MonstaFTP: FTP Client On The Cloud


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One advantage of having your own web server like a VPS (Virtual Private Server) instead of using a shared hosting provider or service, is the ability to install apps such as cloudware (software that runs on a remote web server rather than on a computing device) on your server. If you’re on a Linux server with some additional webspace and some extra time then you should definitely try out MonstaFTP.

MonstaFTP is an open source script under a GPL license that runs on PHP/Ajax and puts a FTP file management client on the cloud, allowing the user to access it anywhere via web browser. It works with Chrome, Firefox, Internet Explorer and Safari but it works best with Chrome because it supports drag-and-drop functionality even for complete folders, making uploading files much more easier.

FEATURES:

  • Open source GNU General Public License
  • Includes full PHP/Ajax source code
  • Written for programmers of all levels
  • Compact install of just 2 files (+ assets)
  • Supports FTP on Linux and Windows
  • Drag and drop files to upload and move
  • On-screen file editing
  • Multi-language support

The requirements are very minimal and installing it is very easy. Just download MonstaFTP and upload all files anywhere on your website as long as it can be accessible via URL. Once you’ve uploaded all files, open your web browser and point it to your MonstaFTP installation like this – http://mydomain.com/monstaftp/index.php. You can also use a subdomain for it but that is only optional.

Enter your FTP login details – FTP host, username and password. You can also specify whether to use a more secure connection using SSL, Lock session to your IP address, Advanced interface and whether to save your Login details.

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Once logged in, you can now use MonstaFTP to upload/download files on your server.

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You can also change file permissions (CHMOD) and edit text files with its built-in text editor.

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You can specify which type of documents that can be edited in the text editor via the index.php file. The default list includes – asp,ashx,asmx,aspx,asx,axd,cfm,cgi,css,html,htm,jhtml,js,php,phtml,pl,txt and xhtml.

I came across MonstaFTP more than a couple weeks ago but it was only the other day that I was able to install it on my server and try it out. I had no problems uploading and installing it on my server. However, I did encounter some issues with uploading stuff and creating new files or folders. Whenever I tried it, I would get an error saying that the file can’t be uploaded or created. Thanks to Jacob Tirey, I was able to figure out the problem – file ownership & permissions. What happened was I uploaded the MonstaFTP files using my root FTP account and logged in using a dummy account so technically, the files were “owned” by the root account so the dummy account had no permission to use/edit any of those files. After the file ownership and permissions were fixed, I was able to use it without any problems.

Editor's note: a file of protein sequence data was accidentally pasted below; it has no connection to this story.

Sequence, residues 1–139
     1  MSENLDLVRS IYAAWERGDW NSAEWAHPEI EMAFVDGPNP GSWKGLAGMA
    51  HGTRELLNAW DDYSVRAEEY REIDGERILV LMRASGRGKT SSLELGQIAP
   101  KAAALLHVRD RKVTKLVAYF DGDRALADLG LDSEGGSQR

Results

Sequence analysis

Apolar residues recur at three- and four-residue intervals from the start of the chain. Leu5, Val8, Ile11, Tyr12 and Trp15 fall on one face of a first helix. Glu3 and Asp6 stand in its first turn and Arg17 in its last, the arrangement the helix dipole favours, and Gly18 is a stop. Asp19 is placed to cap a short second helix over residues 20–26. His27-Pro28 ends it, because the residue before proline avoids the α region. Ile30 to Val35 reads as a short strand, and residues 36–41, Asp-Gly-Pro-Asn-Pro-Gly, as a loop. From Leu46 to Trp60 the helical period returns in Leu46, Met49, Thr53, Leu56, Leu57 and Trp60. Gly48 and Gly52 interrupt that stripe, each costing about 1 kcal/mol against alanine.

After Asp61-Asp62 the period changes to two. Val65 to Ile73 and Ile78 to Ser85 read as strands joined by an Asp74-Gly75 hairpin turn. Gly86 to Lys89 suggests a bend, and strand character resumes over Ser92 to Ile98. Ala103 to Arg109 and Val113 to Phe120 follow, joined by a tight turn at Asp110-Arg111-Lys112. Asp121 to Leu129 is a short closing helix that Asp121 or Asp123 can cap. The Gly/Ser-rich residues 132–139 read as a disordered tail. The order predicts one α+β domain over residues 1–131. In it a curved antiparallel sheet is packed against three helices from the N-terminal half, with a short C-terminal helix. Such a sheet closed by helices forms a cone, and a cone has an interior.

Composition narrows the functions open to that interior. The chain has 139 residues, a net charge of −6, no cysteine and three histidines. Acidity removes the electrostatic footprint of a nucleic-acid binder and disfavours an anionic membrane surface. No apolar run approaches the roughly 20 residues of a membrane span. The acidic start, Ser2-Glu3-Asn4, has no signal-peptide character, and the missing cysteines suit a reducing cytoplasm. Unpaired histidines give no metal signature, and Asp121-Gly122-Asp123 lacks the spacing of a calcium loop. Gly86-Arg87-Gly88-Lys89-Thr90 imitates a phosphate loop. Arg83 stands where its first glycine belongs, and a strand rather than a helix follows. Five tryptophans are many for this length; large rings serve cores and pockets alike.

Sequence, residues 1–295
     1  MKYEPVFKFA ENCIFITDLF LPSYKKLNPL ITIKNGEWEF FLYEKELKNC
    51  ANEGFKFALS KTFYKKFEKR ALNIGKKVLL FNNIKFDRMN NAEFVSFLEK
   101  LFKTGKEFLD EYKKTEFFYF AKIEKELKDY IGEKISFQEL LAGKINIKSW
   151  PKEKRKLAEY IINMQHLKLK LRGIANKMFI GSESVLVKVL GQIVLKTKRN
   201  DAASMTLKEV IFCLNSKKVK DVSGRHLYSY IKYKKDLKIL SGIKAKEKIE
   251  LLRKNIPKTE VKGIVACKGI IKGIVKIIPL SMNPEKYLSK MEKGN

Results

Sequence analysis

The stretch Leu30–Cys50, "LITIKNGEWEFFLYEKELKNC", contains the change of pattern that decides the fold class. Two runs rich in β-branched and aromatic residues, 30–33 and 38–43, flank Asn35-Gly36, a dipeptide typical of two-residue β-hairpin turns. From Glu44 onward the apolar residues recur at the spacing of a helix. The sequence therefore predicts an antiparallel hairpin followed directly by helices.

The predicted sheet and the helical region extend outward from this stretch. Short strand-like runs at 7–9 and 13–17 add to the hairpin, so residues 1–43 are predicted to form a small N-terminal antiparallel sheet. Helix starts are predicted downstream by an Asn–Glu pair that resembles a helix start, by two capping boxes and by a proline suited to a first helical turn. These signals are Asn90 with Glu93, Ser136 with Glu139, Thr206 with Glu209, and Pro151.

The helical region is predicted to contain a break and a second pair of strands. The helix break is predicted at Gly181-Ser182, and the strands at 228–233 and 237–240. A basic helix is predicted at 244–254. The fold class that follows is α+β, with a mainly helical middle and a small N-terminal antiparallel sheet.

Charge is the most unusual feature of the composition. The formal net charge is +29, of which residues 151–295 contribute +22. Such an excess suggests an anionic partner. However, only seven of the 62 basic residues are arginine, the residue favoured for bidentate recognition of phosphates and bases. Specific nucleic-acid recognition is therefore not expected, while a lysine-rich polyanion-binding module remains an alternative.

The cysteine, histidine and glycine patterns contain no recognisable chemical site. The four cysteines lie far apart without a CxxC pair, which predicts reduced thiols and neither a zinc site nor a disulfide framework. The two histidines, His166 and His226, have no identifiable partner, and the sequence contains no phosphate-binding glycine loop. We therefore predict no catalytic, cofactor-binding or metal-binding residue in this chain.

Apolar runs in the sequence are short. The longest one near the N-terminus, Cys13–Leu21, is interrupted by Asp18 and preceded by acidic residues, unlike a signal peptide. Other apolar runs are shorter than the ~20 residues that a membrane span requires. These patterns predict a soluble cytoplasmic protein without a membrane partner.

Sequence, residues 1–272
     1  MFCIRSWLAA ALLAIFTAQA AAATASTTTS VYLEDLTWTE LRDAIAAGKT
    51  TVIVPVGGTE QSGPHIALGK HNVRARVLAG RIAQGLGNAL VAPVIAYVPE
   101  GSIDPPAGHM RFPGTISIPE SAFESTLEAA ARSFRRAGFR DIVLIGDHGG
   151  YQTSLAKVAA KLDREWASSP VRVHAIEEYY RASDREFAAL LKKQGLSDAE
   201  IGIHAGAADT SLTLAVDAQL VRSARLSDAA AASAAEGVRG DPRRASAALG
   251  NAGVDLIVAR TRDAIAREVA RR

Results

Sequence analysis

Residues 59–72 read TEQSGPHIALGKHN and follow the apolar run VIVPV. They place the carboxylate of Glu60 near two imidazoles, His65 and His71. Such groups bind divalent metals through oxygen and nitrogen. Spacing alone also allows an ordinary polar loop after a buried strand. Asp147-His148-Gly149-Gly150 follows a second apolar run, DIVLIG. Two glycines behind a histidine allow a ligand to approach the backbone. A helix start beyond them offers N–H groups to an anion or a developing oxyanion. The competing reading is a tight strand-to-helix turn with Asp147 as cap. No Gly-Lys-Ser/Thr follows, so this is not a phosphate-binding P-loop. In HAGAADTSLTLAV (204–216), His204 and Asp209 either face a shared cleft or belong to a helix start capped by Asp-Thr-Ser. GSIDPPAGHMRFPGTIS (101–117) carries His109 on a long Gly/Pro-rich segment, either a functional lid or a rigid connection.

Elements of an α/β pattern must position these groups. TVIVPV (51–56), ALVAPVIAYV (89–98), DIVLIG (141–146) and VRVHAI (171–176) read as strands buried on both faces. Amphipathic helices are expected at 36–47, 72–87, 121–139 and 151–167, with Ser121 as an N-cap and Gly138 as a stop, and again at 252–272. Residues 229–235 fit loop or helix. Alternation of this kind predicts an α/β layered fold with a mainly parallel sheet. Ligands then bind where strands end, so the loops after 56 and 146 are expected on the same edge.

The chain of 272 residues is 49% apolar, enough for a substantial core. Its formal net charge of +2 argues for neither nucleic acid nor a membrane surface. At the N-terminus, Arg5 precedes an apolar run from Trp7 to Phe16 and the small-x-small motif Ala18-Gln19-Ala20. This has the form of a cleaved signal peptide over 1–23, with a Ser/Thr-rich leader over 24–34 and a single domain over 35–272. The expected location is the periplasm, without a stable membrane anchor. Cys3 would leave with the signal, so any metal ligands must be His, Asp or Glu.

Although you can use MonstaFTP to connect to a Windows server, it can only be installed on a Linux server. There is a chance though that the developers would release a version that could support PHP for Windows.

MonstaFTP can be useful for folks who are always on the go or someone who uses FTP for work. It can also come in handy in case you forgot to bring your laptop and you needed to upload/download something from your server. If you already have MonstaFTP installed on your server, you don’t need to install an FTP client, just open up your web browser and you’re good to go.

Btw, MonstaFTP comes with brute-force protection so that it can’t be used for brute-force attacks against other servers by hackers and malicious individuals.

What do you guys think of MonstaFTP? Would you use it as your FTP client? Why or why not? Please share your thoughts in the comments below.

Owner and editor of JaypeeOnline. Self-proclaimed geek. New media writer and consultant. WordPress advocate. Loves blogging, gadgets, video games and sports. You can follow him on Google+, Facebook or Twitter.

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